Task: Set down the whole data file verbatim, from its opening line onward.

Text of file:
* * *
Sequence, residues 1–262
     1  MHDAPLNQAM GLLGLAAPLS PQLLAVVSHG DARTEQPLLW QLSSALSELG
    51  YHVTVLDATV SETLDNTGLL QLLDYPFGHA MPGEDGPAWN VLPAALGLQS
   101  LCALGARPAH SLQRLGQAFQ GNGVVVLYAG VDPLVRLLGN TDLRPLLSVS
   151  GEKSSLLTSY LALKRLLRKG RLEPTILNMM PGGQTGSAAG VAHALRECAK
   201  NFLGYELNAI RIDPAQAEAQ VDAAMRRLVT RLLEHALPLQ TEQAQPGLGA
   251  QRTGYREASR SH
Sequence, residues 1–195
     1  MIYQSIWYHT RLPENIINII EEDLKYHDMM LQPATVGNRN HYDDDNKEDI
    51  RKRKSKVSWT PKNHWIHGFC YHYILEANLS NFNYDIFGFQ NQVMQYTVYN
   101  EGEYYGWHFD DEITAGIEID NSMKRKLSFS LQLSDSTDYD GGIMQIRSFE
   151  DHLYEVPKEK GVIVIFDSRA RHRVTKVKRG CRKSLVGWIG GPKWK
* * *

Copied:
Sequence, residues 1–262
     1  MHDAPLNQAM GLLGLAAPLS PQLLAVVSHG DARTEQPLLW QLSSALSELG
    51  YHVTVLDATV SETLDNTGLL QLLDYPFGHA MPGEDGPAWN VLPAALGLQS
   101  LCALGARPAH SLQRLGQAFQ GNGVVVLYAG VDPLVRLLGN TDLRPLLSVS
   151  GEKSSLLTSY LALKRLLRKG RLEPTILNMM PGGQTGSAAG VAHALRECAK
   201  NFLGYELNAI RIDPAQAEAQ VDAAMRRLVT RLLEHALPLQ TEQAQPGLGA
   251  QRTGYREASR SH
Sequence, residues 1–195
     1  MIYQSIWYHT RLPENIINII EEDLKYHDMM LQPATVGNRN HYDDDNKEDI
    51  RKRKSKVSWT PKNHWIHGFC YHYILEANLS NFNYDIFGFQ NQVMQYTVYN
   101  EGEYYGWHFD DEITAGIEID NSMKRKLSFS LQLSDSTDYD GGIMQIRSFE
   151  DHLYEVPKEK GVIVIFDSRA RHRVTKVKRG CRKSLVGWIG GPKWK